Wealth in Germany: HNW Investors 2018
The profile of German HNW investors is changing. The above-average age of HNW investors means that intergenerational wealth transfer, succession, and inheritance planning are all front of mind. While wealth preservation rather than accumulation may be the predominant strategy among this age group, German HNW investors are actually showing a greater openness to new investment options and an increasing appetite for robo-advice services.
This report analyzes the investment preferences and portfolio allocation of German HNW investors. The report is based on our proprietary Global Wealth Managers Survey. Specifically the report -
- Profiles the average German HNW investor in terms of their demographics and the expat opportunity in Germany.
- Explores which wealth management mandates are preferred among German HNW investors and how demand will develop going forward.
- Examines the allocation of German HNW investors portfolios into different asset classes, and how this is expected to develop in the future.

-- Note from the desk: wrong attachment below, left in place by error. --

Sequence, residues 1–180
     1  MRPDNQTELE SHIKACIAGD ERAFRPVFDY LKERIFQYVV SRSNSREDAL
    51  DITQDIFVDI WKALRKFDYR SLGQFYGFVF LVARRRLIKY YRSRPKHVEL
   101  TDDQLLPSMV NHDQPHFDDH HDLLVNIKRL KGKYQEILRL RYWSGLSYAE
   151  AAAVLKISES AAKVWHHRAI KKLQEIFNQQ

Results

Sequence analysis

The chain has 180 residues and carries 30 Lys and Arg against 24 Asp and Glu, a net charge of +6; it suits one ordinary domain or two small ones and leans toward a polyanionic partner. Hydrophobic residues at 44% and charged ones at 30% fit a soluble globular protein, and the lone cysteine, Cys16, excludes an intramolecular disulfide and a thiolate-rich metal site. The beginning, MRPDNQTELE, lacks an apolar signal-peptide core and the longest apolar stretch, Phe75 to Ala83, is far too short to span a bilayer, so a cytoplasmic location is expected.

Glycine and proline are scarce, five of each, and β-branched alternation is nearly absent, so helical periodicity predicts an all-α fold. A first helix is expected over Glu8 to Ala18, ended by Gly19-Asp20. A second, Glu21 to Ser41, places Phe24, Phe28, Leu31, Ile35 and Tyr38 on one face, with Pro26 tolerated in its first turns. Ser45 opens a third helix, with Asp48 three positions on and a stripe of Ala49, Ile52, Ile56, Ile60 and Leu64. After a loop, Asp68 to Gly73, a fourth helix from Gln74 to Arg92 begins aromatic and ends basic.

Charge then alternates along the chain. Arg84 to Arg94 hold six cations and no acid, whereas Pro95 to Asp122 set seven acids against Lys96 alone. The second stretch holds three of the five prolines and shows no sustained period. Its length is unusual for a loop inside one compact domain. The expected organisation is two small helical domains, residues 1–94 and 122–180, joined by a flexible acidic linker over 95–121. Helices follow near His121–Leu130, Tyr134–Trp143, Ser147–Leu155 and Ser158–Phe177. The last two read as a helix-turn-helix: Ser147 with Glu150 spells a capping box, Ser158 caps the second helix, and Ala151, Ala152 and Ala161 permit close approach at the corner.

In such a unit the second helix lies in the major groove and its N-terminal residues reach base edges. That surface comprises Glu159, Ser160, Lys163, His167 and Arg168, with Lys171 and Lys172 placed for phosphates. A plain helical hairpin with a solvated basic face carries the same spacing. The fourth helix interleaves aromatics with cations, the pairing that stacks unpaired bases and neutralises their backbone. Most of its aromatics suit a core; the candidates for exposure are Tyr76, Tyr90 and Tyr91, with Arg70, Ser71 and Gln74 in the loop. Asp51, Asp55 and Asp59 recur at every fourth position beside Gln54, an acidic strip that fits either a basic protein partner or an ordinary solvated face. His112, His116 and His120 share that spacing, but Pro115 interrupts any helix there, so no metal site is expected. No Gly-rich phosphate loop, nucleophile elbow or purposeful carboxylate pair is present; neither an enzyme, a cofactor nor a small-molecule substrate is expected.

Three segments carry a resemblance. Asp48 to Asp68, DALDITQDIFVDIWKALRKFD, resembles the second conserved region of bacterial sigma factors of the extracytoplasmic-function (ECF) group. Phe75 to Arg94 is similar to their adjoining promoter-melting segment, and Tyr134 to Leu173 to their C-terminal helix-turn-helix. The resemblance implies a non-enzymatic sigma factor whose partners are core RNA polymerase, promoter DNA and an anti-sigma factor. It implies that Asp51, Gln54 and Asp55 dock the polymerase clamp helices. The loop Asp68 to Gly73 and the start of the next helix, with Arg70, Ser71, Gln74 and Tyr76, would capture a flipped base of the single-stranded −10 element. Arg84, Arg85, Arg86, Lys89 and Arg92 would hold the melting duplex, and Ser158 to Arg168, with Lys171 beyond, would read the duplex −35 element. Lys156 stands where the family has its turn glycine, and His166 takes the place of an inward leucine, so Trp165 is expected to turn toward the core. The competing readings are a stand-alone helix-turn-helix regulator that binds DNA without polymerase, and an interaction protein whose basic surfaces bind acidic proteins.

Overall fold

- Analyzes HNW investors propensity to invest offshore, their preferred booking centers and asset classes, as well as Germanys standing as an offshore center.
- Identifies product and service demand among German HNW investors.
- 50.3% of German HNW investors are older than 60, with a higher-than-average proportion over 70.
- Almost a third of HNW investors are entrepreneurs yet only 54.5% of German wealth managers target this segment, a stark contrast with the 79.5% of European wealth managers.
- German HNW expats are a small but lucrative sector. The vast majority are steady long-term migrants, yet wealth managers have an over-reliance on cold calling to acquire their business.
- German HNW investors hold only around 10% of their wealth offshore, and are predominantly attracted by the better range of investment options and higher returns available.
- Only 14.4% of providers targeting HNW investors offer pensions and retirement planning services, despite strong and rising demand.
Reasons to buy
- Develop and enhance your client targeting strategies using our data on HNW profiles and sources of wealth.
- Give your marketing strategies the edge required and capture new clients using insights from our data on HNW investors preferences for the various styles of asset management.
- Tailor your investment product portfolio to match current and future demand for different asset classes among HNW individuals.
- Develop your service proposition to match the product and service demand expressed by German HNW investors and react proactively to the forecasted changes in demand.